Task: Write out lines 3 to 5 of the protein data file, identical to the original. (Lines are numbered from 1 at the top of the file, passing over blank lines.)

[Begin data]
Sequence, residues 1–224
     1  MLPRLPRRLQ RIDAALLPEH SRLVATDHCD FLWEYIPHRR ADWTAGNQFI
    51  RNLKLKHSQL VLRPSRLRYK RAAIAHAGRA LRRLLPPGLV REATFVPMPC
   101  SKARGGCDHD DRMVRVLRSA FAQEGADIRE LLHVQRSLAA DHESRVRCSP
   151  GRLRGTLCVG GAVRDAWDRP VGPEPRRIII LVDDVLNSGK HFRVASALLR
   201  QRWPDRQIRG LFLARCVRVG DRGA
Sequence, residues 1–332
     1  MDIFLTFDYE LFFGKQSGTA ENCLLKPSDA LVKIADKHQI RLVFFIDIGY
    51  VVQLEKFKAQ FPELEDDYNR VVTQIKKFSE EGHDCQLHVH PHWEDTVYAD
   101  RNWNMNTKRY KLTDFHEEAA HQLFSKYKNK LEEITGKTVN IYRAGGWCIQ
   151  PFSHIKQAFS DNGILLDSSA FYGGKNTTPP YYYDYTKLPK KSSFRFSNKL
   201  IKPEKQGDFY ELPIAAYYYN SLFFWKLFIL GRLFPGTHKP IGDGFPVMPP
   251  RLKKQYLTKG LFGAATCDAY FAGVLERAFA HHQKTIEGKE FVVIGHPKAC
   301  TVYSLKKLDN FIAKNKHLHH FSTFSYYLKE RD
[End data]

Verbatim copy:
    51  RNLKLKHSQL VLRPSRLRYK RAAIAHAGRA LRRLLPPGLV REATFVPMPC
   101  SKARGGCDHD DRMVRVLRSA FAQEGADIRE LLHVQRSLAA DHESRVRCSP
   151  GRLRGTLCVG GAVRDAWDRP VGPEPRRIII LVDDVLNSGK HFRVASALLR